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Social Media and Good Public Relations

ted-saulby Ted Saul


The use of social media can provide outlets for not only the sharing of information but also opinions and news about a company.  Blogs for example allow someone to quickly and easily share a compliment or complaint regarding a product or service.  A tweet on Twitter can reach hundreds and thousands of readers almost immediately.    The down side is that your business can become the target of negative news.  The question is should you ignore or respond to online comments?


Here are two examples with different approaches and results to negative publicity.  In 2005, Sony BMG came under fire from a blogger regarding the behavior of their Digital Rights Management software (DRM).  The reaction from the social community was swift and overwhelming.   Online chatter began showing up about the use and quality of the software along with potential security issues.  DRM posters clearly made it known that they were not happy.  Sony was socially silent however choosing to eventually institute an exchange program for the software through a series of one-way communications.  The damage had been done however and the controversy ended up with a class action lawsuit.  One can only guess what might have happened if early on in the crisis a representative from Sony had joined the conversations on the initial blog offering to research the issue and develop a solution.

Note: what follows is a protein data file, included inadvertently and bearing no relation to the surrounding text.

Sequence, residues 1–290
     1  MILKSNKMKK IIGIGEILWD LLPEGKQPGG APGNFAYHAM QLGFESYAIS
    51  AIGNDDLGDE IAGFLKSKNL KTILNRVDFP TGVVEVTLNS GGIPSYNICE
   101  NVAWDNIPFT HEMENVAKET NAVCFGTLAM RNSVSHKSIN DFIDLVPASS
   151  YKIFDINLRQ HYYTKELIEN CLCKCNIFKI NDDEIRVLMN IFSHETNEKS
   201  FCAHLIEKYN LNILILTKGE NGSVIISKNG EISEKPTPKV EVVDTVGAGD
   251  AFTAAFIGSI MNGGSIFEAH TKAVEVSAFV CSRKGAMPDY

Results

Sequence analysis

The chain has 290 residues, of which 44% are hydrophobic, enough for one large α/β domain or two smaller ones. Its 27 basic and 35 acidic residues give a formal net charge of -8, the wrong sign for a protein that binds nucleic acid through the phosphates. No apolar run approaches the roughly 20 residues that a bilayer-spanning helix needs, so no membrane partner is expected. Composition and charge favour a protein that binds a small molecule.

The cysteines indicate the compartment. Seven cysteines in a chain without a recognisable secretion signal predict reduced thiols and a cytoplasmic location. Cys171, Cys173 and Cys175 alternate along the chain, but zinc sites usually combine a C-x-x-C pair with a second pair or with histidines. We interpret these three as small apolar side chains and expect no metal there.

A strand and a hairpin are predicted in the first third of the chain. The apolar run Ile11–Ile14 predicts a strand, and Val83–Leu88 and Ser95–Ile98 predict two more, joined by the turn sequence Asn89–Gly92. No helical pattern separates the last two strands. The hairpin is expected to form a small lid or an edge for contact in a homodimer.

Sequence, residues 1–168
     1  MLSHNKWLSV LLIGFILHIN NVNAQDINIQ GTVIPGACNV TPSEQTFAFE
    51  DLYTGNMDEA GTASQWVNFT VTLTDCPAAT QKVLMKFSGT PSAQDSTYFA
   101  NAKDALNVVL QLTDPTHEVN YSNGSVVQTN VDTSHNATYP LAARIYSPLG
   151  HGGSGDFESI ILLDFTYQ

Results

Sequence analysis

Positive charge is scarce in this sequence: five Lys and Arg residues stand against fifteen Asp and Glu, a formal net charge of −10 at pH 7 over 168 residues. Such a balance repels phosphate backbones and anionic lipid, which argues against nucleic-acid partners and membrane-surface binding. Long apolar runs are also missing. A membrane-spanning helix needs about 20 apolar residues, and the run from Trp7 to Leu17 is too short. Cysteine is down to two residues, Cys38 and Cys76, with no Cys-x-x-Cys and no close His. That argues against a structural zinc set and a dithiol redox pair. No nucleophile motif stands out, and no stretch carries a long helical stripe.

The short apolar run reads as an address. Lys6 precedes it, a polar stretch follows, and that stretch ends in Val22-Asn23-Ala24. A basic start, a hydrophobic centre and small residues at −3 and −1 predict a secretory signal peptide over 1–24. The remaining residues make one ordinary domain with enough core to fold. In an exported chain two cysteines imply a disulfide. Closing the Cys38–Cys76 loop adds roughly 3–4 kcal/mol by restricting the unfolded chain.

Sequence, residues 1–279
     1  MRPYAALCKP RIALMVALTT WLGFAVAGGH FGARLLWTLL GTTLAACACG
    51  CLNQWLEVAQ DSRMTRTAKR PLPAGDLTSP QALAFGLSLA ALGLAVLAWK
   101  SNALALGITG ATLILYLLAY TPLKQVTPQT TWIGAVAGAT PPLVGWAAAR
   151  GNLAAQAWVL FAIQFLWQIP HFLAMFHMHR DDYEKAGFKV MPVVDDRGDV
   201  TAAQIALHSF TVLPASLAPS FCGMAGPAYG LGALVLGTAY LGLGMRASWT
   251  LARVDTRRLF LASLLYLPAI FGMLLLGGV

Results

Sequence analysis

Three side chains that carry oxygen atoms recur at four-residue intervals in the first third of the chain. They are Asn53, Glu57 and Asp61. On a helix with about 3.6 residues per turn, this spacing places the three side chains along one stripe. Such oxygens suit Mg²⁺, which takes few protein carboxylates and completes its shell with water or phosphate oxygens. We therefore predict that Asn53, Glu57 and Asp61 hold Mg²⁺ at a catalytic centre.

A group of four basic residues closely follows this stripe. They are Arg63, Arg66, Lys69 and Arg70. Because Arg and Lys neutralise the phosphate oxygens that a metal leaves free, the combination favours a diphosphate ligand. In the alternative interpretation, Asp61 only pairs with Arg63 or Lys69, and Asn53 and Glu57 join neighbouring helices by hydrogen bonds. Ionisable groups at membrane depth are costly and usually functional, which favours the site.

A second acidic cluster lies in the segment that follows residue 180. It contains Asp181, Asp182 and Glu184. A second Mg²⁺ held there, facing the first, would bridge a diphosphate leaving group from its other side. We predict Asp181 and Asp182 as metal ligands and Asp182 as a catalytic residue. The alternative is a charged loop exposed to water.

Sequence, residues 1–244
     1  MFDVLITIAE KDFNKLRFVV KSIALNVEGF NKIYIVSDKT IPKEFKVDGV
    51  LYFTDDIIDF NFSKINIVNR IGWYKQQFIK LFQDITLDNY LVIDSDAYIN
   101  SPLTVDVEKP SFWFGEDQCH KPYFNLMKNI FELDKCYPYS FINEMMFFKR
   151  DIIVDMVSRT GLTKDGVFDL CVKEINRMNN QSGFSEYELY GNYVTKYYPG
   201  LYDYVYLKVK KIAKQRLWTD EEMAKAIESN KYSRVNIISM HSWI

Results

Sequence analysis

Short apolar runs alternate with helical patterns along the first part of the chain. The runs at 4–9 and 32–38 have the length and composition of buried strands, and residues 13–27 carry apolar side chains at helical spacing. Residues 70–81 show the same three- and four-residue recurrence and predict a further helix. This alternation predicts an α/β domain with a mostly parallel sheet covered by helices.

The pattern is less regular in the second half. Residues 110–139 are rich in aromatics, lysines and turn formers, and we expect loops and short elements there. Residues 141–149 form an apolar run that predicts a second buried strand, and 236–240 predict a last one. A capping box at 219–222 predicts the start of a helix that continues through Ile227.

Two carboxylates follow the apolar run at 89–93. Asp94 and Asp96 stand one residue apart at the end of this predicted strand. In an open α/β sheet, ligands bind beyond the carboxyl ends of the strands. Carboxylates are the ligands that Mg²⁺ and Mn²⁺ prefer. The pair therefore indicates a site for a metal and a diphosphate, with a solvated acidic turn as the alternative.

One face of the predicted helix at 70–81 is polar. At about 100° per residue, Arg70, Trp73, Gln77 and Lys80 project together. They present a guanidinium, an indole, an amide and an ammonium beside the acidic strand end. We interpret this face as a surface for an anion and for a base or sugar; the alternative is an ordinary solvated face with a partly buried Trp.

When Nikon introduced their D200 Model Camera, the anticipation and demand skyrocketed.  Initial production was soon consumed by the big box stores leaving on-line distributors such as B&H without inventory.  When orders were placed at the popular B&H website, customers found themselves on a waiting list and a charge on their credit card.  Inquires to B&H were referred to their disputed charge process causing a severe backlash on forums and the feeling B&H was holding their money hostage.  Unlike Sony, B&H chose to respond quickly and decisively in a two-way online dialog.  They apologized for their poor handling of the situation and made a promise to make it right.  By participating in the forum conversations, B&H was able to change the tone of the problem and turn their reputation back to a positive one.  One impressed blogger speaking of B&H stated “I can’t think of someone of power with any other business who engages in public discussions of store issues and products”.


Some companies are now using tracking software to see when and where their names are mentioned on the Internet.  The applications search for Tweets and Facebook comments using keywords to decide whether or not it’s positive or negative.  Negative comments can then be appraised individually and action plan developed to reach a satisfactory solution.  Using social media is a great place to connect with your customers and potential customers.  It’s also where misunderstandings and perceptions can be turned around to change your company’s image.  Your public relations strategy will want to include responding to social media.

Ted Saul is a business coach and project manager who mission is to help start-ups and small business develop plans and processes for growth.  He can be reached at, TWS787 and LinkedIn.